He'd steal the pennies off of a dead man's eyes!
Dec 22, 2013 | 5349 views | 0 0 comments | 12 12 recommendations | email to a friend | print
Before World War II the customs related to when someone dies were much different here in the United States than it is now days. To a great extent those customs continued through the 1940s. For one thing homemade coffins made out of pine wood were still quite common. In the past a person’s wishes about whether or not they would be embalmed when they die was their choice. Now days most if not all states require embalming of a body if the coffin is open for viewing at a funeral. Another custom of the past was to put coins on top of the eyelids for the purpose of keeping them closed during rigor mortis (which is the stiffing of the joints and muscles). I actually saw that done on more than one occasion during those years up to the beginning of my teenage years. The coins I saw placed on the eyelids of the deceased were quarters or heavier ones. This is probably seldom done now days in that morticians use an adhesive gel along the edge of the eyelids to keep them closed.

The expression: “He’d steal the pennies off a dead man’s eyes” meant anyone who would do that had no scruples. Ray Hamilton, one of the Bonnie and Clyde gang members of the beginning of the 1930s, said before going to the electric chair for murder: "Bonnie and Clyde? They loved to kill people, see blood run. That's how they got their kicks. They were dirty people. Her breath was awful and Clyde never took a bath. They smelled bad all the time. They'd steal the pennies off a dead man's eyes." Also one of the Texas Rangers who took part in the ambush and killing Bonnie and Clyde stated, "They were the worst killers in the Southwest. We weren't about to take any chances with those two. Others did and they died. A lot of folks can rest easy now...even Bonnie and Clyde."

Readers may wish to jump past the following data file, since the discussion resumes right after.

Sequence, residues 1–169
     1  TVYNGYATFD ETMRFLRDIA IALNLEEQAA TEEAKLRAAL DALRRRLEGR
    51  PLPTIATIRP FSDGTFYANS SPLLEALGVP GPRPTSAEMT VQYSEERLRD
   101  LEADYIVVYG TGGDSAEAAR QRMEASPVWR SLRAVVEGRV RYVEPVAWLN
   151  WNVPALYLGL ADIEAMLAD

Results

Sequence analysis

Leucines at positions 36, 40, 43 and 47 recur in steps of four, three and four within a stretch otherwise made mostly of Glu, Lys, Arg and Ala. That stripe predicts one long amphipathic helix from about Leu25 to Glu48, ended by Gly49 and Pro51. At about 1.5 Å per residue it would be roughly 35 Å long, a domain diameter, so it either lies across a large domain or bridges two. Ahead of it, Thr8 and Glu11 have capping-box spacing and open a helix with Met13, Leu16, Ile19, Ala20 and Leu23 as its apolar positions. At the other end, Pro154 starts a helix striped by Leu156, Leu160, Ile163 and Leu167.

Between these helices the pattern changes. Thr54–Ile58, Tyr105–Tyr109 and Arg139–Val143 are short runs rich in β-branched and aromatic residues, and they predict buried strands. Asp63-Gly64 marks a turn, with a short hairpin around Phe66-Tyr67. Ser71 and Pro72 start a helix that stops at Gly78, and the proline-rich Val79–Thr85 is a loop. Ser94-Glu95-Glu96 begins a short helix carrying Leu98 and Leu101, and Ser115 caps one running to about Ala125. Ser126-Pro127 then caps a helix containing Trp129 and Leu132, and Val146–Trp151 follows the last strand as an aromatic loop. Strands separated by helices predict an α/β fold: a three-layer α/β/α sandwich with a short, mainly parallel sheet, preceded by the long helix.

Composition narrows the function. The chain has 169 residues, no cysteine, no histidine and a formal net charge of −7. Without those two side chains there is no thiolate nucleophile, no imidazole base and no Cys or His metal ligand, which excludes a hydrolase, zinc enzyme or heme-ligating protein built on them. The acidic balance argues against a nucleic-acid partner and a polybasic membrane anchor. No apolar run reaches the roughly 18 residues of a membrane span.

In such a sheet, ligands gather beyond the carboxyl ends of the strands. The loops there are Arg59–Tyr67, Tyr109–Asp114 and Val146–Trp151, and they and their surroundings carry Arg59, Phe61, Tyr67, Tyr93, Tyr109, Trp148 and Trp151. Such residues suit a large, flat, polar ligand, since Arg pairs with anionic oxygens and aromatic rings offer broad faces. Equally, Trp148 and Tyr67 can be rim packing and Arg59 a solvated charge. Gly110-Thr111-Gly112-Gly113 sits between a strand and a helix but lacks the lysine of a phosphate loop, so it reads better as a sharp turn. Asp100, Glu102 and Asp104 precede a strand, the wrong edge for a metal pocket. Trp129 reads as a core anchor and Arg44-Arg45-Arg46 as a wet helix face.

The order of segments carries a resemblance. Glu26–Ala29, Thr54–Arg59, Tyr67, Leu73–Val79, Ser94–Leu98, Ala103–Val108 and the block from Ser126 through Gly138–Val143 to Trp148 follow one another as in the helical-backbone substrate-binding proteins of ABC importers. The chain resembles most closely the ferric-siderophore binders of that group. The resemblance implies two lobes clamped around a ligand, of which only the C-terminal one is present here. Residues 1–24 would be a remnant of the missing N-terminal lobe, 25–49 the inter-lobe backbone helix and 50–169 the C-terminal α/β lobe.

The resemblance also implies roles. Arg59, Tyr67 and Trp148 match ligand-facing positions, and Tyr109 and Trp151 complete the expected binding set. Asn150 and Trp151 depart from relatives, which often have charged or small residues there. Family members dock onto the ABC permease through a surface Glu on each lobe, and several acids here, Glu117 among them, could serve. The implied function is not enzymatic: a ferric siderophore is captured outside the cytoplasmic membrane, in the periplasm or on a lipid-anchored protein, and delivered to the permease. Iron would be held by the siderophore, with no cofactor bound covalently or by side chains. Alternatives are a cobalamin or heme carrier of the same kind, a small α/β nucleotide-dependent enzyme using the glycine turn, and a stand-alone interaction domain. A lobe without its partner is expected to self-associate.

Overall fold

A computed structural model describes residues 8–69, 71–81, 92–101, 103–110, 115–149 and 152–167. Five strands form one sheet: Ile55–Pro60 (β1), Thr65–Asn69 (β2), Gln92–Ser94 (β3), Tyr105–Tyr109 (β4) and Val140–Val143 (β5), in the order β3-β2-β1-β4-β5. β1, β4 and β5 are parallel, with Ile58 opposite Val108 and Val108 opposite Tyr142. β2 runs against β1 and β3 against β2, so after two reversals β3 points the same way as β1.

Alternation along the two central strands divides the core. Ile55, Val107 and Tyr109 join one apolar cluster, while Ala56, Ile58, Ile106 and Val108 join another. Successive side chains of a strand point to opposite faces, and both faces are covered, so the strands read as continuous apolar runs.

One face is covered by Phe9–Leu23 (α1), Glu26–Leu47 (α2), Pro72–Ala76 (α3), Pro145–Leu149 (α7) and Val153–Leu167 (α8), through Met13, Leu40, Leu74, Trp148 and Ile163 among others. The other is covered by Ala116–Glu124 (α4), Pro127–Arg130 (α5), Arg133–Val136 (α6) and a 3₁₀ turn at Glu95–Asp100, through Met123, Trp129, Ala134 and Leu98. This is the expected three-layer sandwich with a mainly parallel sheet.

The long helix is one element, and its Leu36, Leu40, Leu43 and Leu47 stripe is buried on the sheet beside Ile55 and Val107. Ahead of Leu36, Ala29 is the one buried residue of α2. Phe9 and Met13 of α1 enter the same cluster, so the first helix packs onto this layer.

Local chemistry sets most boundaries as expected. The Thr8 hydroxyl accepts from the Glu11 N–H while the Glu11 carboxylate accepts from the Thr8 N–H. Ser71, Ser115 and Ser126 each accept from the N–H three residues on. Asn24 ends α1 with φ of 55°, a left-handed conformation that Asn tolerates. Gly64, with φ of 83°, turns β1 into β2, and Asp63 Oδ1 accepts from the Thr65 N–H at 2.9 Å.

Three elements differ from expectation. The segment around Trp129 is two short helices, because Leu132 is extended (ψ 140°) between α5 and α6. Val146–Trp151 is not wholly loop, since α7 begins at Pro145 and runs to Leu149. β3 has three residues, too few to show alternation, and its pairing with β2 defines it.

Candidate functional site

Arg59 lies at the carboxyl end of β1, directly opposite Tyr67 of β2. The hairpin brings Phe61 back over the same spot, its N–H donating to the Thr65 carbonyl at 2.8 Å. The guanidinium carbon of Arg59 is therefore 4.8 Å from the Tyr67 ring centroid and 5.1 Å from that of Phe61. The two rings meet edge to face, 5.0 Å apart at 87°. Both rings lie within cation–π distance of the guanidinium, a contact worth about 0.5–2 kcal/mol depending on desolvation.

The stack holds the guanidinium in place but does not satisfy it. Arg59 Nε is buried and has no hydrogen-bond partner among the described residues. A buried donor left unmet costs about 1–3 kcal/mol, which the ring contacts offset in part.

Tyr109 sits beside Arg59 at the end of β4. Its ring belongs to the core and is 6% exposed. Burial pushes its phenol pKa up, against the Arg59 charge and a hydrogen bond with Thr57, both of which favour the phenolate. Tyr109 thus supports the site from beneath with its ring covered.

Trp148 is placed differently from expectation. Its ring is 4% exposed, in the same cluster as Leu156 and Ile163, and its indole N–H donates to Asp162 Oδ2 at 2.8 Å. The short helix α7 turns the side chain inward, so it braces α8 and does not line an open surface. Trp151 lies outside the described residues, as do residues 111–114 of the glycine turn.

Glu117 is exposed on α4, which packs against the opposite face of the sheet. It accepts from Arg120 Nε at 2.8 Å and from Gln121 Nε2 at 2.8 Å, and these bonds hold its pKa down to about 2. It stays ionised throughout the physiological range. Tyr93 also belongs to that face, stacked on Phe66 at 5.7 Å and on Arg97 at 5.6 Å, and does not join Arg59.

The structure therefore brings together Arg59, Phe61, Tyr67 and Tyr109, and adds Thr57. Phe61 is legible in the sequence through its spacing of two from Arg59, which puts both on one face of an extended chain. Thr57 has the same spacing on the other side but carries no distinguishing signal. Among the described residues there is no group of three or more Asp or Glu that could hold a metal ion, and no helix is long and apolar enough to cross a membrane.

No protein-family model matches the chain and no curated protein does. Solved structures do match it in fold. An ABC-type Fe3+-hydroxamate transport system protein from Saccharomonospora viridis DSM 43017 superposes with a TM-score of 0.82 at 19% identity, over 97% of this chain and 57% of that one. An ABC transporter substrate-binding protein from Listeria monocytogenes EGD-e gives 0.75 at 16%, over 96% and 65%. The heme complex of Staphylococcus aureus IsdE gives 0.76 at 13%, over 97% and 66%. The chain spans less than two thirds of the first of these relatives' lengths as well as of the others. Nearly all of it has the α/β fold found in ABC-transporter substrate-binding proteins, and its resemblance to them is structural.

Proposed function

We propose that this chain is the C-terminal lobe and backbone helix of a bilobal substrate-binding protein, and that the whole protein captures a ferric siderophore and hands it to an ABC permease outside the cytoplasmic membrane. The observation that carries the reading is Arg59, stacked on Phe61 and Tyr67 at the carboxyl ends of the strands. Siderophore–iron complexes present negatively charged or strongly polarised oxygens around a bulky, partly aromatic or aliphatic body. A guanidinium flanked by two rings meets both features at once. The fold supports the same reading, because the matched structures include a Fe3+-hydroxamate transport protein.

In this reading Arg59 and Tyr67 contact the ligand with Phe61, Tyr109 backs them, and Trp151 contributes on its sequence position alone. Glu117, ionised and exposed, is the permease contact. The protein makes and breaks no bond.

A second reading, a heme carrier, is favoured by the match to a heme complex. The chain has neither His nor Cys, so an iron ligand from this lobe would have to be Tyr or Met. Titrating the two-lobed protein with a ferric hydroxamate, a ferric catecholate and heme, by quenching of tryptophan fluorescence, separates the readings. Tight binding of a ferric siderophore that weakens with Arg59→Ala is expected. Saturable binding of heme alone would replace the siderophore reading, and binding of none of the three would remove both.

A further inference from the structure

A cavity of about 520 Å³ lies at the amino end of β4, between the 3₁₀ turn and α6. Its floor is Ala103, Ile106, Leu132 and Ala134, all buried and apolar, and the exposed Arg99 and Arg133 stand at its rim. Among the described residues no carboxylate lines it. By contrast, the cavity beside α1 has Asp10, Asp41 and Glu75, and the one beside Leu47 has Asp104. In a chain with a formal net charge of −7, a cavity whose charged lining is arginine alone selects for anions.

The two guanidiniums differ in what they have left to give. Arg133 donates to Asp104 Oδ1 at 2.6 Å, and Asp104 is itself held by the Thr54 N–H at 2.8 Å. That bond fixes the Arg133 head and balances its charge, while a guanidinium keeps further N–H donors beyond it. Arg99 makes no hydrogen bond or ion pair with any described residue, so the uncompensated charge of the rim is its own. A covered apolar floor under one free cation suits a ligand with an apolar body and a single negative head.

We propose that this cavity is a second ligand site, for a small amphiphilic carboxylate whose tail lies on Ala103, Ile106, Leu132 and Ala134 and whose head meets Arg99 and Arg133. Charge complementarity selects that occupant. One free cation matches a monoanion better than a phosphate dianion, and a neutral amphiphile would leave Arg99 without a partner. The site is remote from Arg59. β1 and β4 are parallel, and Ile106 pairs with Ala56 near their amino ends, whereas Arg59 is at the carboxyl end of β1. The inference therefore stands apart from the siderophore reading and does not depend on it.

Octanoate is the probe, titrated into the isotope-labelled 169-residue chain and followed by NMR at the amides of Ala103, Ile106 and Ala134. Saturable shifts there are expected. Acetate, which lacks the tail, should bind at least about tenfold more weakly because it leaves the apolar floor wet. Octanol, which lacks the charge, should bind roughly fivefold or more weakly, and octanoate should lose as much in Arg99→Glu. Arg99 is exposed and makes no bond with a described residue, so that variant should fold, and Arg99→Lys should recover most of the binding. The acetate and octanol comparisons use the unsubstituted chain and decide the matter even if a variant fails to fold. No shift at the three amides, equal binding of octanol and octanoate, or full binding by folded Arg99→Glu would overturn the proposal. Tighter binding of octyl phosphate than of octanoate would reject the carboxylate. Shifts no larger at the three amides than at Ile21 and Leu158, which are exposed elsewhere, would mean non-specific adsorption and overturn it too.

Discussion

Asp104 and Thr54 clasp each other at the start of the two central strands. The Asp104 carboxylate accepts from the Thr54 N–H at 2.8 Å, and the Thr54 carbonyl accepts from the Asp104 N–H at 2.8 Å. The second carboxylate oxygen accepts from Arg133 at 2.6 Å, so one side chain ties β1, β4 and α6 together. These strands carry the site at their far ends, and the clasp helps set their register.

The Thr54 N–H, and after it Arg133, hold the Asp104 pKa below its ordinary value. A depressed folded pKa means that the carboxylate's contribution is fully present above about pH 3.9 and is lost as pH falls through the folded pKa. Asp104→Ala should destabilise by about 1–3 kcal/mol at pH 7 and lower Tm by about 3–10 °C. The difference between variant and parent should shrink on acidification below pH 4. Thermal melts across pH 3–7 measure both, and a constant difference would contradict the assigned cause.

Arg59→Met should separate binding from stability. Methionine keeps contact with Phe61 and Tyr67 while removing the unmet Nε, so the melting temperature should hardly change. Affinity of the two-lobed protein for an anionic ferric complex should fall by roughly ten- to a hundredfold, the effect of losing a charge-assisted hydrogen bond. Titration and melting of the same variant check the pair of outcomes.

In the past when people were more superstitious they believed if a dead person’s eyes were left open to look on them would see their own death mirrored there. It is also believed that some cultures would leave coins on the eyelids of the deceased so that they could take money to their family members in the spirit realm.

There is another explanation of why money was put on the eyes of the dead. Charon’s obol, a coin of ancient Greece, was either placed over the eyes of a deceased or in the mouth for the ferryman who, according to their superstition conveyed souls of the dead across the river that divided the world of the living from the dead.
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